Skyrocketing Consumer Debt & Falling Rates
With home mortgages, the primary collateral for the loan balance is the home itself. In the event of a future default, the lender can file a foreclosure notice and take the property back several months later. With automobile loans, the car dealership or current lender servicing the loan can repossess the car.

Homeowners often refinance their non-deductible consumer debt that generally have shorter terms, much higher interest rates, and no tax benefits most often into newer cash-out refinance mortgage loans that reduce their monthly debt obligations. While this can be wise for many property owners, it may be a bit risky for other property owners if they leverage their homes too much.

With credit cards, lenders don’t have any real collateral to protect their financial interests, which is why the interest rates can easily be double-digits about 10%, 20%, or 30% in annual rates and fees, regardless of any national usury laws that were meant to protect borrowers from being charged “unnecessarily and unfairly high rates and fees” as usury laws were originally designed to do when first drafted.

Zero Hedge has reported that 50% of Americans don’t have access to even $400 cash for an emergency situation. Some tenants pay upwards of 50% to 60% of their income on rent. A past 2017 study by Northwestern Mutual noted the following details in regard to the lack of cash and high credit card balances for upwards of 50% of young and older Americans today:

* 50% of Baby Boomers have basically no retirement savings.

* 50% of Americans (excluding mortgage balances) have outstanding debt balances (credit cards, etc.) of more than $25,000. 

* The average American with debt has credit card balances of $37,000, and an annual income of just $30,000. 

* Over 45% of consumers spend up to 50% of their monthly income on debt repayments that are typically near minimum monthly payments.


Rising Global Debt 


According to a report released by IIF (Institute of International Finance) Global Debt Monitor, debt rose to a whopping $246 trillion in the 1st quarter of 2019. In just the first three months of 2019, global debt increased by a staggering $3 trillion dollar amount. The rate of global debt far outpaced the rate of economic growth in the same first quarter of 2019 as the total debt/GDP (Gross Domestic Product) ratio rose to 320%.

The same IIF Global Debt Monitor report for Q1 2019 noted that the debt by sector as a percentage of GDP as follows:

Households: 59.8%

* Non-financial corporates: 91.4%

* Government: 87.2%

* Financial corporates: 80.8%


Rate Cuts and Negative Yields

As of 2019, there’s reportedly an estimated $13.64 trillion dollars worldwide that generates negative yields or returns for the investors who hold government or corporate bonds. This same $13.64 trillion dollar number represents approximately 25% of all sovereign or corporate bond debt worldwide. 


On July 31, 2019, the Federal Reserve announced that they cut short-term rates 0.25% (a quarter point). Their new target range for its overnight lending rate is now somewhere within the 2% to 2.25% rate range. This is 25 basis points lower than their last Fed meeting decision reached on June 19th. This was the first rate cut since the start of the financial recession (or depression) in almost 11 years ago dating back to December 2008.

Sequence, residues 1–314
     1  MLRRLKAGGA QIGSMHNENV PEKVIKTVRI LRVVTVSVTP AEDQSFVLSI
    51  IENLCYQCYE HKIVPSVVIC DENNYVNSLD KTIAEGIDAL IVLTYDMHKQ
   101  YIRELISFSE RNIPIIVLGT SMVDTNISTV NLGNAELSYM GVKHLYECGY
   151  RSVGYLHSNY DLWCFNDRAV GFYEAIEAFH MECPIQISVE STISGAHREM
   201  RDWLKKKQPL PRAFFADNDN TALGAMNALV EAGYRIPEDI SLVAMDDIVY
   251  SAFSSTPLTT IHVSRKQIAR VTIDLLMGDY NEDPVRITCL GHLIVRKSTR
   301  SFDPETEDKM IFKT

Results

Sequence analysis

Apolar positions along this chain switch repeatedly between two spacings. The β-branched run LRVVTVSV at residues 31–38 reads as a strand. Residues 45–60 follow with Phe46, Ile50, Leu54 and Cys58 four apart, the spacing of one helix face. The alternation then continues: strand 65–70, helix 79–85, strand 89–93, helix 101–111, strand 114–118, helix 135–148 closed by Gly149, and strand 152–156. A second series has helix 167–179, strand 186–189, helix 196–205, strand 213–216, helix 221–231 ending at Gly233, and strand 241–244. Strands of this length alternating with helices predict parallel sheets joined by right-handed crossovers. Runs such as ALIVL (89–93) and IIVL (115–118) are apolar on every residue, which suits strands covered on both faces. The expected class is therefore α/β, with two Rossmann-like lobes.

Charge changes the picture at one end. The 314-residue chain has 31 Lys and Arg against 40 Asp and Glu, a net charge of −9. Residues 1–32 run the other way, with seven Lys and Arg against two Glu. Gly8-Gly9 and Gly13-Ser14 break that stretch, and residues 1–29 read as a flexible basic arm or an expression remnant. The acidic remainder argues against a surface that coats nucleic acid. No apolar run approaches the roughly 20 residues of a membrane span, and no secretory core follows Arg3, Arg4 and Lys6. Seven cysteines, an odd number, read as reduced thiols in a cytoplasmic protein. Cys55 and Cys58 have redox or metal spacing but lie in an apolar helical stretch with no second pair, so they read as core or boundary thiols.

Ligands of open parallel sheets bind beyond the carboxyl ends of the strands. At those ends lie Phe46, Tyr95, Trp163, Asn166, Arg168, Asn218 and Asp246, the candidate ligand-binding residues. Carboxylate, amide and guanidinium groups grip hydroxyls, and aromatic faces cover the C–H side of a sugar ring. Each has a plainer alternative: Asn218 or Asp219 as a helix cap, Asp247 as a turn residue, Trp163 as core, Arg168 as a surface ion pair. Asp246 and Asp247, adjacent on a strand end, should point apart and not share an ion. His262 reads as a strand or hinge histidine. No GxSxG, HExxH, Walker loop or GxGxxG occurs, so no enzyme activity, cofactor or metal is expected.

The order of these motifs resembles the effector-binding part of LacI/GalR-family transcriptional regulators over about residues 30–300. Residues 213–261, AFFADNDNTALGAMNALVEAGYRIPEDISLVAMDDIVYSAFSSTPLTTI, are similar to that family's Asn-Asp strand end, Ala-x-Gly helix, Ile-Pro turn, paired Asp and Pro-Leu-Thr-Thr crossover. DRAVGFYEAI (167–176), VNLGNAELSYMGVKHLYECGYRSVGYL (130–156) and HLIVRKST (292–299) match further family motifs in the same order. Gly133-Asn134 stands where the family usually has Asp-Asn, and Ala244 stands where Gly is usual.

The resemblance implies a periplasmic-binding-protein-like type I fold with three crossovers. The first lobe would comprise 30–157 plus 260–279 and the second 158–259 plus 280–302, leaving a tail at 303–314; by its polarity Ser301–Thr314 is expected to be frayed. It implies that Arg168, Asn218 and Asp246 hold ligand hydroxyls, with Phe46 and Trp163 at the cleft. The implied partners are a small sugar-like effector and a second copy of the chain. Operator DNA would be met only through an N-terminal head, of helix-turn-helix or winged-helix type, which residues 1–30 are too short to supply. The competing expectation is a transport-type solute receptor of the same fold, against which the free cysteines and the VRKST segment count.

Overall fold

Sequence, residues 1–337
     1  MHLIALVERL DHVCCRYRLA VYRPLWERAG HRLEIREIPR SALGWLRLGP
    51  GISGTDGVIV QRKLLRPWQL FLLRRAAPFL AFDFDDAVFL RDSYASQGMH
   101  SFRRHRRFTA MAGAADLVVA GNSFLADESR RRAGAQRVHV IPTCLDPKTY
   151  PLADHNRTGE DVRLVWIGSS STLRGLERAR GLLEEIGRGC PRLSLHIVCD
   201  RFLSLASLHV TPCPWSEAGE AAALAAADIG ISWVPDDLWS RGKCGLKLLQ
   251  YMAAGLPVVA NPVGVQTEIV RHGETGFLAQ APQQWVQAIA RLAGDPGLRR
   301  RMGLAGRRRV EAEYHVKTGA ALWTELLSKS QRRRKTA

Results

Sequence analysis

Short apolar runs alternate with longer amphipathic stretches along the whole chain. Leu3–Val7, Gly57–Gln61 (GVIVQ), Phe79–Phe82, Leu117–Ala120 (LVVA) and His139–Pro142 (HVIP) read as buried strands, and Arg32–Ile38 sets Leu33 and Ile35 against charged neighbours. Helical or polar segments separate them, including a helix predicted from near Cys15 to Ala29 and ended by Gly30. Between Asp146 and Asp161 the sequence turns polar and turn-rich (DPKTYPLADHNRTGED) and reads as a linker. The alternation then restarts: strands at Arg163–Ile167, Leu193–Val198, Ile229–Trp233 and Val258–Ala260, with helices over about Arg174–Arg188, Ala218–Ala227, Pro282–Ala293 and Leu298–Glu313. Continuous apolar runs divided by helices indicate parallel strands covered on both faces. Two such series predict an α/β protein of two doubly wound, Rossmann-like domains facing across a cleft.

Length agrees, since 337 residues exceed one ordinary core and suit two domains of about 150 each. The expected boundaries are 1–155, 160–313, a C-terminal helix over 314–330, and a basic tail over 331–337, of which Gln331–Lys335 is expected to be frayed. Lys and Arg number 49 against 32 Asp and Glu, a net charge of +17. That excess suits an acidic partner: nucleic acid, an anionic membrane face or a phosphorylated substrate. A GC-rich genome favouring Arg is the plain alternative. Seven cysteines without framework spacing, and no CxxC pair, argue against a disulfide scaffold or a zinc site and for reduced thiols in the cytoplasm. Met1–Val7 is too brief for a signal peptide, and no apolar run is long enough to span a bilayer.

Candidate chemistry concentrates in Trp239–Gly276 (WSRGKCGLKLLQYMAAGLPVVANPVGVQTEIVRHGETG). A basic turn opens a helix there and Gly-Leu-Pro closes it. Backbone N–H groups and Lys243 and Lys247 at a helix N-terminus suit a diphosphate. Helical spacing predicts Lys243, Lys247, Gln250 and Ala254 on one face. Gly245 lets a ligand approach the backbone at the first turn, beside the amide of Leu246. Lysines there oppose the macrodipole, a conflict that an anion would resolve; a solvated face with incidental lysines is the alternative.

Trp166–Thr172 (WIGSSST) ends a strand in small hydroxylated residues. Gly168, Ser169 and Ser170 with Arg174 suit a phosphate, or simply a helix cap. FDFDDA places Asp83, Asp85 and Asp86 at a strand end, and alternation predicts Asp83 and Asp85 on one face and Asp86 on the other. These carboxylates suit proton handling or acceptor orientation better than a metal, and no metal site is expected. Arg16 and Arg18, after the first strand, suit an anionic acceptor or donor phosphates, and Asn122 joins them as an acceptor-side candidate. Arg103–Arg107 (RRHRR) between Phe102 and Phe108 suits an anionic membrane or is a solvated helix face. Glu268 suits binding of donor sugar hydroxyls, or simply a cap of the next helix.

It’s fairly likely that the Fed will cut rates one or more times in future 2020 meeting dates. If so, short and long-term borrowing costs may move downward and become more affordable for consumers and homeowners. If this happens, then it may be a boost to the housing and financial markets for so long as the economy stabilizes in other sectors as well such as international trade, consumer spending and the retail sector, government deficit spending levels, and other economic factors or trends.

We shall see what happens in the near future in 2020 and beyond.

* The blog article above is a partial excerpt from my previous article entitled Interest Rate and Home Price Swings in the Realty 411 Magazine linked below (pages 87 - 91):
May 14, 2017

Why Commercial Real Estate Values are Improving


Since the Credit Crisis began back in the Summer of 2007, both commercial and residential property values have fallen significantly throughout the USA. As I have written before, property owners are more likely to walk away from their “upside down” homes, office buildings, retail shopping centers, or other types of properties if their existing mortgage debt exceeds their current market value.

Thankfully, home prices have begun to stabilize or increase in price ranges of between 5% and 20% + in various regions of the country over just the past year partly related to near record low mortgage interest rates. The faster and the lower that interest rates drop, then the higher the mortgage loan amount the prospective mortgage borrower will qualify for which drives home sales prices even higher.

Sadly, incomes for the vast majority of Americans have stagnated or declined since the start of the 2007 Credit Crisis. To best try to stabilize real estate values, the borrower either needs higher personal or business income levels, or access to cheaper money by way of incredibly low interest rates and more flexible qualification guidelines.

Lenders have more “skin in the game” than borrowers

In many regions of the USA, residential and commercial property buildings (i.e., retail, office, industrial, etc.) experienced price or appraised value declines of 50% or more since the last market peaks near 2006 – 2008, depending upon their region of the country. Increasing vacancy rates in small to larger retail shopping centers, office buildings, or other property types also made it more challenging for property owners to refinance or sell their properties at prices anywhere near the peak values in recent years.
When purchasing commercial properties just like residential homes, it is typically the lender who provides most of their own capital in the purchase deal as opposed to the borrower. Whether it be a 5%, 10%, 20%, or a 35% down payment invested by the property buyer, it is the lender who has more “skin in the game” or money invested in the deal. As such, the lender tends to not be as optimistic as the prospective borrower about the property since they have more of their own money at risk.